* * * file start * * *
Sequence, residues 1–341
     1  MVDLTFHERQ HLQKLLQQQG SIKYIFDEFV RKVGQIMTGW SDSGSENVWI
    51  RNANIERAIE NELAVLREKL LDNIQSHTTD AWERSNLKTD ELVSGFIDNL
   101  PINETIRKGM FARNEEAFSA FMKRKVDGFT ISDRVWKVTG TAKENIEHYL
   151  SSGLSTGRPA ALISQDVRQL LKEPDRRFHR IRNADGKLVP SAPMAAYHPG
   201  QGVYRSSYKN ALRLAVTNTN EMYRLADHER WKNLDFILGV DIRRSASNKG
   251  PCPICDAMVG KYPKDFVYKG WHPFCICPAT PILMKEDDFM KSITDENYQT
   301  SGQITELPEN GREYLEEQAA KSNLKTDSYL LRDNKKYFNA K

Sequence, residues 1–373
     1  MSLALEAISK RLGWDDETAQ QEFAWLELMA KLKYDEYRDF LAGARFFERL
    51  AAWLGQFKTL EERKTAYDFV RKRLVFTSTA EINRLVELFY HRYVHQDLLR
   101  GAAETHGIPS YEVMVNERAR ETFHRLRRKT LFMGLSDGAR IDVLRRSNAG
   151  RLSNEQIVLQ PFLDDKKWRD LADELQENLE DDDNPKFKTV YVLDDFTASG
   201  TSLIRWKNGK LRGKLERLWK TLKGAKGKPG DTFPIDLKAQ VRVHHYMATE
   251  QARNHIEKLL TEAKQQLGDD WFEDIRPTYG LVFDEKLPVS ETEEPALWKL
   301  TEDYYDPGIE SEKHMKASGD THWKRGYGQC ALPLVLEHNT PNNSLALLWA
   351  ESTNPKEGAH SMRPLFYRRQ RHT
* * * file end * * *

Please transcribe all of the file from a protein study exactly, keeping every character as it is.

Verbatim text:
Sequence, residues 1–341
     1  MVDLTFHERQ HLQKLLQQQG SIKYIFDEFV RKVGQIMTGW SDSGSENVWI
    51  RNANIERAIE NELAVLREKL LDNIQSHTTD AWERSNLKTD ELVSGFIDNL
   101  PINETIRKGM FARNEEAFSA FMKRKVDGFT ISDRVWKVTG TAKENIEHYL
   151  SSGLSTGRPA ALISQDVRQL LKEPDRRFHR IRNADGKLVP SAPMAAYHPG
   201  QGVYRSSYKN ALRLAVTNTN EMYRLADHER WKNLDFILGV DIRRSASNKG
   251  PCPICDAMVG KYPKDFVYKG WHPFCICPAT PILMKEDDFM KSITDENYQT
   301  SGQITELPEN GREYLEEQAA KSNLKTDSYL LRDNKKYFNA K

Sequence, residues 1–373
     1  MSLALEAISK RLGWDDETAQ QEFAWLELMA KLKYDEYRDF LAGARFFERL
    51  AAWLGQFKTL EERKTAYDFV RKRLVFTSTA EINRLVELFY HRYVHQDLLR
   101  GAAETHGIPS YEVMVNERAR ETFHRLRRKT LFMGLSDGAR IDVLRRSNAG
   151  RLSNEQIVLQ PFLDDKKWRD LADELQENLE DDDNPKFKTV YVLDDFTASG
   201  TSLIRWKNGK LRGKLERLWK TLKGAKGKPG DTFPIDLKAQ VRVHHYMATE
   251  QARNHIEKLL TEAKQQLGDD WFEDIRPTYG LVFDEKLPVS ETEEPALWKL
   301  TEDYYDPGIE SEKHMKASGD THWKRGYGQC ALPLVLEHNT PNNSLALLWA
   351  ESTNPKEGAH SMRPLFYRRQ RHT